Ensure Your Gains with Hypertrophy Training
All aboard the muscle-gain train. Hypertrophy training has just entered the station!
Your Guide to Hypertrophy Training
Are you struggling to get the t-shirt arm-busting muscles you dream of? Has the well run dry on your muscle-building gains?
If you crave bigger muscles—the bulging biceps, chiseled chest, and iron legs (by the way, you should never skip leg day), then hypertrophy training can be a real game-changer for you.
So, no matter if you’re a seasoned pro or a strength training beginner, let’s take a look at why you should be following a hypertrophy training program to build muscle.
You’ll learn about:
- Ideal sets and reps
- Training splits and best exercises for hypertrophy
- How to implement hypertrophy training at home
What Exactly Is Hypertrophy Training?
If you’re lifting weights, then odds are you’re looking to build some muscle. And hypertrophy training is widely considered the holy grail of muscle-building formulas.
Lifting weights puts stress on your body and your body is smart. It knows that it has to adapt to the stress you’re putting it under. So, in order to keep up, your body grows muscle to help it adapt to the stress. Essentially, lifting weights commands your body to build muscle.
You can think of it as a two-part process. First, you literally break muscle down during your workouts (and by literally, working out can actually cause little mini micro-tears in your muscle fibers). Then, it’s during the recovery process that hypertrophy occurs and your muscles come back bigger and stronger than before.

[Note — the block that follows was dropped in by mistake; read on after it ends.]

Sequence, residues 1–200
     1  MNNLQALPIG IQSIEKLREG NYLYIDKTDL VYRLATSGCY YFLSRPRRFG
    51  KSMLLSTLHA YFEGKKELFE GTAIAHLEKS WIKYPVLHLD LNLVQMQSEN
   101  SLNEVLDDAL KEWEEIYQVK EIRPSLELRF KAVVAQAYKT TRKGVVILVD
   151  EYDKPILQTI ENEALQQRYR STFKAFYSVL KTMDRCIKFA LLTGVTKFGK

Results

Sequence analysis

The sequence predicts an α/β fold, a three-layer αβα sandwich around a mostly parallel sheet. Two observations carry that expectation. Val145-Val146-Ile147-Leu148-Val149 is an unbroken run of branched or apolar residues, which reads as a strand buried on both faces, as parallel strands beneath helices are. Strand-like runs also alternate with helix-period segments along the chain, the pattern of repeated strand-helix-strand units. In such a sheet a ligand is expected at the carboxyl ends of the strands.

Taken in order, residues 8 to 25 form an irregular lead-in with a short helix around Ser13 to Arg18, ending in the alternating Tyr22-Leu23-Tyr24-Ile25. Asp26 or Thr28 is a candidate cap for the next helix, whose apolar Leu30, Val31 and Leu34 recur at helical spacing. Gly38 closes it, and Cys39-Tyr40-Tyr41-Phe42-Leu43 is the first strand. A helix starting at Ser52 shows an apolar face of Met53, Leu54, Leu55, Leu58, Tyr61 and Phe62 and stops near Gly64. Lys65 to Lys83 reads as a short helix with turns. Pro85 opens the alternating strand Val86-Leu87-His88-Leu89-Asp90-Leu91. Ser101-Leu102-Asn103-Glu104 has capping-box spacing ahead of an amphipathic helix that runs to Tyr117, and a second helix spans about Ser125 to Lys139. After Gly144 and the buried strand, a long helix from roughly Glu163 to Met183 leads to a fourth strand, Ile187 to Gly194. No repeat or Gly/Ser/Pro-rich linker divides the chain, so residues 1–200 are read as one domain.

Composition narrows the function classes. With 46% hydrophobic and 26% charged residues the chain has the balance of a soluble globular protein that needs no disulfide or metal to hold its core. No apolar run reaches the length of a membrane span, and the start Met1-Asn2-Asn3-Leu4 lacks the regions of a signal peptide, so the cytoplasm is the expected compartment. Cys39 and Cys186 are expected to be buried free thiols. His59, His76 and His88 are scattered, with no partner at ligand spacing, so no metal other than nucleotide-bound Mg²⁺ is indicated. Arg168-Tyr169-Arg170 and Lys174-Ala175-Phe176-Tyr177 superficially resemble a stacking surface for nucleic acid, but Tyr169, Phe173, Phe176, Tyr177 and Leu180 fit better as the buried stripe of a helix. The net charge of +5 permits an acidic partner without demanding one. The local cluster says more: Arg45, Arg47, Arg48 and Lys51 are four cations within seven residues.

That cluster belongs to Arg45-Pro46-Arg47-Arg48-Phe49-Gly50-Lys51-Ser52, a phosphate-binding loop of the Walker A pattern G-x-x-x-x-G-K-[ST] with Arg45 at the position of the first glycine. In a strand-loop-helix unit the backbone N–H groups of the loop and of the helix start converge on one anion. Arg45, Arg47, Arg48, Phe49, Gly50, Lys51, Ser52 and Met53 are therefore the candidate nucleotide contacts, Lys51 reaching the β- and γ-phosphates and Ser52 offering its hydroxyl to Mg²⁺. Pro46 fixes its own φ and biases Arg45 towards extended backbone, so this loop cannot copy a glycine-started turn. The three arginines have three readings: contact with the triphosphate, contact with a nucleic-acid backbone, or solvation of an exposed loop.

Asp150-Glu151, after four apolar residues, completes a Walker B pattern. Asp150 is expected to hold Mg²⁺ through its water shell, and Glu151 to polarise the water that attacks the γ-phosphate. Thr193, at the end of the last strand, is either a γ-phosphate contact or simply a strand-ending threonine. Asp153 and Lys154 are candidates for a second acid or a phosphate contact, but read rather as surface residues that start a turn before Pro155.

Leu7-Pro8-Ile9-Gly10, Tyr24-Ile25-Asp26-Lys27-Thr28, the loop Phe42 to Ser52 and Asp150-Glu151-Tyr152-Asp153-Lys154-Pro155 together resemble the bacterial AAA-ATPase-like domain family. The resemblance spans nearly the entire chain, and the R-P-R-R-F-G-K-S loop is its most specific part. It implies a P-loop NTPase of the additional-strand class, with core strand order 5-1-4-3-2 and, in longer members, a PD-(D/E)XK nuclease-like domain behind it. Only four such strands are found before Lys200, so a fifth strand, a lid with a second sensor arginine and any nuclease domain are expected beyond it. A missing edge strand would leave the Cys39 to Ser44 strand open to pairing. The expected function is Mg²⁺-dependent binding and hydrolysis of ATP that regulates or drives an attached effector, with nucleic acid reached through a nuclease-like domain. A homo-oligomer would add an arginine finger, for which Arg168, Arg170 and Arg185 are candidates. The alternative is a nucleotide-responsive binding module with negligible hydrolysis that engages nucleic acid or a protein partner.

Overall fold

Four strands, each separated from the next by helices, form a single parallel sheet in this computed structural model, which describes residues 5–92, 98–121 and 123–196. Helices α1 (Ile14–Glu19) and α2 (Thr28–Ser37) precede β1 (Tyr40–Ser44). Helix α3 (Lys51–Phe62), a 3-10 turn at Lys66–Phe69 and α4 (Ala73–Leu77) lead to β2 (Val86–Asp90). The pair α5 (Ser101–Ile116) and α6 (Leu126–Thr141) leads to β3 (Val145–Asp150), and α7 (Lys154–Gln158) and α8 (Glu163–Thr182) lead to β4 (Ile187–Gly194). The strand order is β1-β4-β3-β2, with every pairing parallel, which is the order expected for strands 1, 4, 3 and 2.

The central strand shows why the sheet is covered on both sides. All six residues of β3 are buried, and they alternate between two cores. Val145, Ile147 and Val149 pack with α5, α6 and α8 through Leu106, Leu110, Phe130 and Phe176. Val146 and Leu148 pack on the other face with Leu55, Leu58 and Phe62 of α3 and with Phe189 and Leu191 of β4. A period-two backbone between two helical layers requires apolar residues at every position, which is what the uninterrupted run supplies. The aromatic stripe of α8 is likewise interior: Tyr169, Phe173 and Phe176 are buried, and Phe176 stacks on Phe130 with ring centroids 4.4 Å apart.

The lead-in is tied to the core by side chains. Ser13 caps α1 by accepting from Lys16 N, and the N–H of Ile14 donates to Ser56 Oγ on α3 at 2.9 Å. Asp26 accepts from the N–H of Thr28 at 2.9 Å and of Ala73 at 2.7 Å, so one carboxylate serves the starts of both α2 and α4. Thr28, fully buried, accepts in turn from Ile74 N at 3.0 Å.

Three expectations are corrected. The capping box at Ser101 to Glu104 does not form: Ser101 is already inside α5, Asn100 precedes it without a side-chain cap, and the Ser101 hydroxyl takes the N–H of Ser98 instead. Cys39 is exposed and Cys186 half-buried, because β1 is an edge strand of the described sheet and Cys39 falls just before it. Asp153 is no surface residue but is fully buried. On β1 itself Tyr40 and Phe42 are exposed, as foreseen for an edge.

On the flip side of hypertrophy is muscle atrophy. If you’ve ever had an injury or been out of the gym for an extended period of time, you might look in the mirror at some point and think to yourself “Where did all my muscles go?”
Inactivity causes your body to shed muscle in an attempt to preserve energy. The more muscle you have, the more energy your body uses. So, when you stop lifting weights for a while, your body gets rid of your muscle and uses the energy elsewhere.
Hypertrophy vs. Strength Training
Strength training is exactly how it sounds—you’re training to get stronger and lift more weight. While you can still build muscle with strength training, it isn’t the primary focus.
Powerlifters are a great example. Their main goals are generating power and lifting the most weight possible. Typically, fewer sets and reps make up a true strength training program ( i.e. 3-5 sets of 2-6 reps) and the weight you’re lifting is heavier.
Hypertrophy training, on the other hand, is predicated on aesthetics. If you’re training for hypertrophy, you want bigger muscles and more definition. The world of bodybuilding hinges on hypertrophy training and progressive overload to achieve stage-ready physiques.
When it comes to training, there’s more volume in a hypertrophy workout plan (ideally, 3 sets of 6-12 reps per exercise) to help you pack on the muscle.
Hypertrophy Training Basics
As we just mentioned, the muscle gains from hypertrophy training come from its higher workout volume. When structuring a hypertrophy workout, most experts agree the sweet spot for sets and reps is right around 3 sets and between 6-12 reps each, depending on the exercise.
Having more volume in your workouts isn’t enough to trigger muscle growth. It’s important, but muscle hypertrophy comes from really pushing yourself during your workouts. If you aren’t struggling with the last few reps of a set, then it’s time to increase the weight you’re using. Volume—along with intensity, progressive overload, and muscular tension—are what lead to the best hypertrophy training results.